In Puerto Rico—and all 50 states—a bank cannot start foreclosing on a home until the borrower is more than 120 days late paying the mortgage. The 120-day period gives a borrower time to try to save the home by getting caught up or working out another alternative. In this article, you’ll find out about the Puerto Rico foreclosure process, as well as homeowner rights that might help you keep your house.
(Learn additional information about general foreclosure procedures in Foreclosure and Your Home: Understanding the Process, Your Rights, and Your Options.)
120-Day Foreclosure Waiting Period
Under federal law, the mortgage servicer (the company that handles your loan account on behalf of the owner of the loan) can’t start foreclosing until the borrower is over 120 days delinquent. The waiting period gives the borrower time to submit a “loss mitigation” (foreclosure alternative) application to the servicer. If the application is successful, the borrower will be able to save the home.
If the borrower submits a complete loss mitigation package to the servicer during the 120-day period, the foreclosure cannot start until the completion of the evaluation process. If the borrower receives a foreclosure alternative (such as a loan modification) but fails to comply with the terms, the foreclosure can move forward.
(To learn more about the federal 120-day rule, read Delaying Foreclosure: The Dodd-Frank Act 120-Day Rule.)
Puerto Rico’s Pre-Foreclosure Notice Requirement
Under Puerto Rico law, the lender must give the borrower at least 20 days to get caught up on any missed payments (cure the default) before starting the foreclosure process. The 20-day period begins when the lender sends a notice to the borrower. The bank can mail the notice during the 120-day loss mitigation period so that the foreclosure can begin after the federal waiting period expires (if the homeowner doesn’t cure the default).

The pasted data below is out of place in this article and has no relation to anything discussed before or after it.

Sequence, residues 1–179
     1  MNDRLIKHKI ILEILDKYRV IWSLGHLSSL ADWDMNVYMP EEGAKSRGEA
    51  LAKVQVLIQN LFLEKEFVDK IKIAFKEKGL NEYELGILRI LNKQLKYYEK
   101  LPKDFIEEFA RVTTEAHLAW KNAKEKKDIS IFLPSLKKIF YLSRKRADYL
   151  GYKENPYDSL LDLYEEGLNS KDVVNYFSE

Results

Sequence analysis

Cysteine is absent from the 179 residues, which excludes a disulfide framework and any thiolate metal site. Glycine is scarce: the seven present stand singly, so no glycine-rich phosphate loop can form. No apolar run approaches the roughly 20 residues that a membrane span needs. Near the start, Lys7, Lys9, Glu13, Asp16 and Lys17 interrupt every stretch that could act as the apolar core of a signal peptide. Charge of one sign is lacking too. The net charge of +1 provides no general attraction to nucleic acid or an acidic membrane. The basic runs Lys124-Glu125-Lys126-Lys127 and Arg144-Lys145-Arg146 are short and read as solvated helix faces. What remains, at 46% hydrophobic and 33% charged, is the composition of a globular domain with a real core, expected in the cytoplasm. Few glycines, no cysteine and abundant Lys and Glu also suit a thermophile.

Judicial Foreclosure in Puerto Rico
A Puerto Rico foreclosure starts when the lender files a brief (a legal document that explains the bank’s position) with the court, along with other required documents. The court will review the filing. If it satisfies all legal requirements, the court will instruct the marshal to serve the borrower with a demand for payment and a summons to come to court. The demand will give the borrower 30 days to pay the amount due and reinstate the loan (reinstatement lets the borrower resume making monthly payments).
The borrower also gets 20 days to object to the foreclosure. If the borrower fails to file an objection and doesn’t reinstate the loan, the court will order the home sold at an auction.
Following the auction, the court has ten days to determine whether the lender followed all foreclosure procedures correctly. The court will confirm the sale after a proper foreclosure.
You Can’t Buy Back a Home in Puerto Rico
Several states give a foreclosed homeowner time to recover a home after an auction. The borrower must reimburse the purchaser for the price paid at the sale or pay off the unpaid mortgage debt, including fees and costs. Puerto Rico law, however, doesn’t give the borrower a redemption period after the foreclosure sale.
You Might Owe Money After the Foreclosure
If the bank sells the home at auction for less than the total mortgage debt owed (including foreclosure fees and costs), the remaining balance is called a “deficiency balance.” For example, if the mortgage debt were $200,000 and the home sold for $175,000, the deficiency balance would be $25,000. In Puerto Rico, the lender can get a personal judgment (a “deficiency judgment”) against the borrower for the deficiency balance. The bank can collect the judgment amount using collection techniques, such as garnishing the foreclosed homeowner’s wages and taking money out of a bank account.
(Many people can wipe out a deficiency judgment in a Chapter 7 bankruptcy.)
Finding Puerto Rico’s Foreclosure Laws
To review Puerto Rico’s foreclosure laws, go to the Laws of Puerto Rico (Title 30). To learn more about homeowner rights in Puerto Rico or get help with interpreting the statutes, you should consult an attorney.
Questions for Your Attorney
- What should I do after the foreclosure starts if I want to keep my home?
- Am I eligible for a foreclosure alternative, such as a loan modification?
- When will I have to leave the foreclosed home?